Gradually, though, they became my cage and I began to be resentful. They became my many identities. They trapped me into a life I thought I wanted and believed I could live up to. They created within me toxic perfectionism. (I wore the badge of “perfectionist” with pride for many years.) These expectations, and perceived expectations, have ultimately caused me to drown. Like the “flaxen cords” that Satan uses to bind the Children of God into works of darkness, these same cords were used to bind me and pull me down on my path toward “perfection” (2 Nephi 26:22).

As these chains became increasingly entrenched into my identity and my life, I became more and more cautious of doing anything that might upset the way I was perceived. I became terrified of failure. Terrified of confrontation. Terrified to disappoint people. Terrified of not being smart enough or successful enough. 

Terrified of being a fool. 

Terrified of being me. 

That’s the reality of it when it comes right down to it. I had become so enmeshed with the perception and expectations, or perceived expectations, of others that I had lost me. I lost my true identity and created alternate identities that put me on a million different pedestals for everyone else. And to be honest, I enjoyed those pedestals and didn’t want to lose them; but for a time, as a teenager, I found ways to rebel, living a “double life” to try to find a way out of my cage and off the pedestals because they had become too much for me to bear. Yet, even then, I did my best not to upset the way that those that I loved saw me. I became the master at controlling perceptions. I wasn’t trying to be manipulative; I was just trying to survive the only way I really knew how.  

For so long I didn’t realize what I had done in trying to please everyone around me. I didn’t realize the fracture I had created in my life. I didn’t realize I didn’t even know who I was anymore. I had become a slave to the ideas of me that existed within myself and within others.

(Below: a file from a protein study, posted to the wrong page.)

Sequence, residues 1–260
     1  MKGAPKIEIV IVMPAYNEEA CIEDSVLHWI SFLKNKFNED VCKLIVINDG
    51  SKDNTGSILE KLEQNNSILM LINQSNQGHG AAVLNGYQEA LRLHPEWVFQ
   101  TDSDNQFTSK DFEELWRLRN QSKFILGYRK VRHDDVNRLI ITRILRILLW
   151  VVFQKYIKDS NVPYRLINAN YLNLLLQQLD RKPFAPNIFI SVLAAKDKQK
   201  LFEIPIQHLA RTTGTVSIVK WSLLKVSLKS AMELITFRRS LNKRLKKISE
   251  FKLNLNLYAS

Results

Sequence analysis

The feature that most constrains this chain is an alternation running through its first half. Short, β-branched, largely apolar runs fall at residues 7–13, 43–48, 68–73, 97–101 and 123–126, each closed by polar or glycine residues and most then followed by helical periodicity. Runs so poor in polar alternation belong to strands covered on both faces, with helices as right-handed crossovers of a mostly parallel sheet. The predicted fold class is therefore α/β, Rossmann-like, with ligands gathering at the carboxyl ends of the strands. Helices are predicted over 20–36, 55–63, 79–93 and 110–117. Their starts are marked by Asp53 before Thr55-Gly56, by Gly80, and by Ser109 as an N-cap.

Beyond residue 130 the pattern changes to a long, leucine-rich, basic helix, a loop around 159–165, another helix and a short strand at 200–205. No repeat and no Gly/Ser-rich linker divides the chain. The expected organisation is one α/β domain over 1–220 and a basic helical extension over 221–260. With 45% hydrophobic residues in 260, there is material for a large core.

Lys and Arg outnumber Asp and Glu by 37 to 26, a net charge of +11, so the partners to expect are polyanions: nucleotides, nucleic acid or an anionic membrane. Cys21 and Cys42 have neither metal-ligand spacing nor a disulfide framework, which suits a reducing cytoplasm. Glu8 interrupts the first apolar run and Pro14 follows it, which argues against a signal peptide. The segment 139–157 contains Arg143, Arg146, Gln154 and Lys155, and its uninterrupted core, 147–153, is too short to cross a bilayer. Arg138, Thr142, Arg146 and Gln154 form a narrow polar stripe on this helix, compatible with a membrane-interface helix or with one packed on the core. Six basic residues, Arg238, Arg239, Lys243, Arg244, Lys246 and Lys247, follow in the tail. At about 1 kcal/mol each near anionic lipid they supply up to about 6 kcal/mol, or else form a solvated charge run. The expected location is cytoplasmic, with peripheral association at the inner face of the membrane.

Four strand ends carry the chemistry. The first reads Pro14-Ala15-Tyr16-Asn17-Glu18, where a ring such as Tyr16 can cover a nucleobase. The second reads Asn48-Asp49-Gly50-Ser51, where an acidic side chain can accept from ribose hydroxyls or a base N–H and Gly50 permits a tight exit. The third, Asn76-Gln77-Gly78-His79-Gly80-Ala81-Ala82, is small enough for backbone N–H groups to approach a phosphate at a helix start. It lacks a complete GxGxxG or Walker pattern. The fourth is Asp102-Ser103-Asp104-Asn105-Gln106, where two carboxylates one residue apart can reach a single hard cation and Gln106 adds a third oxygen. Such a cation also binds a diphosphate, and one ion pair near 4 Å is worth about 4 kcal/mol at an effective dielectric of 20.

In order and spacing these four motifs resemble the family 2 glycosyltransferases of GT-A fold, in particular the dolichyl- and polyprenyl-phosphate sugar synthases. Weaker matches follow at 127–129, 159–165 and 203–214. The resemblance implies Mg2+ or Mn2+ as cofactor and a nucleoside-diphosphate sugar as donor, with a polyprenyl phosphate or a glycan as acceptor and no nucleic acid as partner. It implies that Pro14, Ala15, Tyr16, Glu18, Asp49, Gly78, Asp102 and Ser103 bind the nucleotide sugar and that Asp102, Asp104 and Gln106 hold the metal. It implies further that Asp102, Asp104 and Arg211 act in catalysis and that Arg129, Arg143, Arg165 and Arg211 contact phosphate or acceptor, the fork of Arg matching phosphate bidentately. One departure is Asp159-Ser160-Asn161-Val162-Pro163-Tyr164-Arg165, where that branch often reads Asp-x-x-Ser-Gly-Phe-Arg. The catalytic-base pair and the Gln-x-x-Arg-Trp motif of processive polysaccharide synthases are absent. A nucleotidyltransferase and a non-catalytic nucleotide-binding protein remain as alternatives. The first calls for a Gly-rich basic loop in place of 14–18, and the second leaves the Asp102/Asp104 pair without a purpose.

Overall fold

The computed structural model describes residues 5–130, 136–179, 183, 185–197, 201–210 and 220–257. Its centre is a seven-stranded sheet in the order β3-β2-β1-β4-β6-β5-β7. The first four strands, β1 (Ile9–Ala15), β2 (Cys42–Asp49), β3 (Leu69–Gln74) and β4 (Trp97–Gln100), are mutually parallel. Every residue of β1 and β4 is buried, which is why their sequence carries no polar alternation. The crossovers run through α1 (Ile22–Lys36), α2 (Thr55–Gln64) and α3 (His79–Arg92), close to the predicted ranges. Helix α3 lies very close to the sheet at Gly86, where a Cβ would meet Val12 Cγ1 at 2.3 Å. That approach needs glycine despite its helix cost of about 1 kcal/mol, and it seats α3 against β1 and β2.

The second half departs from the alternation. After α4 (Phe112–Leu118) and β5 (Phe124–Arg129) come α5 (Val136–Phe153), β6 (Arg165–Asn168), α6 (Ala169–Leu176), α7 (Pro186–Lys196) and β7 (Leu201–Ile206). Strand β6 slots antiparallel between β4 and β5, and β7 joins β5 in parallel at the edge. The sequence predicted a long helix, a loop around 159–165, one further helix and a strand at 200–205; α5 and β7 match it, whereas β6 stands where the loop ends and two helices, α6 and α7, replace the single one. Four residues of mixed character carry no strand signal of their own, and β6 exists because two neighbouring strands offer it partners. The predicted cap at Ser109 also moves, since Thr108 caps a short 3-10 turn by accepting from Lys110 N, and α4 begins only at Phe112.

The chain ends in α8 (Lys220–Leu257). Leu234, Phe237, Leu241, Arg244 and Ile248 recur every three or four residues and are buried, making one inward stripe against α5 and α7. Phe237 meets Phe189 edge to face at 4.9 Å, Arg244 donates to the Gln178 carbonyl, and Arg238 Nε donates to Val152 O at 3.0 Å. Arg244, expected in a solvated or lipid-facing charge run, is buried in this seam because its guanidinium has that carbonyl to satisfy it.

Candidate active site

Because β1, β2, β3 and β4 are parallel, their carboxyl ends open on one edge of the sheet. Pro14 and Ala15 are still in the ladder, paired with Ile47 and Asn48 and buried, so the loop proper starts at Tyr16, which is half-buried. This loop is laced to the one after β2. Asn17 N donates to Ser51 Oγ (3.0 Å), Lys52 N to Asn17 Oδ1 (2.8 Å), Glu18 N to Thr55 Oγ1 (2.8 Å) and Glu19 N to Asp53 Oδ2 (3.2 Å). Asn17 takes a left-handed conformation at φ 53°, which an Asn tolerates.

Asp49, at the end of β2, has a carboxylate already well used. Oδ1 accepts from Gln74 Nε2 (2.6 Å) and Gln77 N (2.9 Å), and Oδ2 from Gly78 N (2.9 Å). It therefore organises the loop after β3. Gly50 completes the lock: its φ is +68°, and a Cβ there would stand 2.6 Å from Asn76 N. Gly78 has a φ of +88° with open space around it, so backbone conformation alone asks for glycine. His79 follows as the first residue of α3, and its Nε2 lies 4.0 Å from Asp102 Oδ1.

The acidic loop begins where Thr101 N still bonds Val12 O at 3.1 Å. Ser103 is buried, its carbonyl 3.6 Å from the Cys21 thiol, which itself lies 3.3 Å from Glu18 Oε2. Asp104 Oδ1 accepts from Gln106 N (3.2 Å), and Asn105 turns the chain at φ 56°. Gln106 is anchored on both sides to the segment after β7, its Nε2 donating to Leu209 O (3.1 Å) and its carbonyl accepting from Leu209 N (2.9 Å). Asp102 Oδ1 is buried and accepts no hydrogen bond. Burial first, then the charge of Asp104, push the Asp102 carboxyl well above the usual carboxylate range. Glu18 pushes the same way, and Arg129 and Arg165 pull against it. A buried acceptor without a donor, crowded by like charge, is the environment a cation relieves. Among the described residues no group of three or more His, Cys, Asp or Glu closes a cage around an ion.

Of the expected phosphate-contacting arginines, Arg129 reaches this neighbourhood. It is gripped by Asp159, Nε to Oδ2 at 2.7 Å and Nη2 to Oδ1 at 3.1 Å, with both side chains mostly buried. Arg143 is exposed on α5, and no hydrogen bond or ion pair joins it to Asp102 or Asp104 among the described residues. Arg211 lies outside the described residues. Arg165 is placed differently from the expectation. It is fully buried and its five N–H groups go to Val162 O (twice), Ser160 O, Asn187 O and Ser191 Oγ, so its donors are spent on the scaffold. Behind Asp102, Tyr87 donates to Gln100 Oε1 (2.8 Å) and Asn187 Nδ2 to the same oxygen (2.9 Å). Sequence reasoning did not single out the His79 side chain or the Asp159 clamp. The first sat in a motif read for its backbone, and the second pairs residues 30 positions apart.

Over the last few years I’ve been attempting to figure all that out. It’s been a lot of work. It’s been painful and scary. I’ve had to tear down old narratives and seek for truth. I’ve had to do things that have made me uncomfortable and start setting better boundaries. 

That plan was working until recently, when I finally just felt stuck. I still felt caged and I reached a point where I was completely lost. I had no idea where to go and no idea what direction I was facing. Totally disoriented. It was a feeling I had never really experienced before. During this process, I’ve always had some idea of what I needed to do next on my journey, or at least a general direction I needed to face. But that was suddenly all gone. 

And I felt paralyzed. 

I kept praying, meditating, studying, discussing things with my husband and friends, in hopes that I would find an answer as to what step I needed to take next. I looked inwardly and tried to analyze myself and my life. I wanted answers immediately. The discomfort was immense. But I kept sitting with it in hopes I could find my way.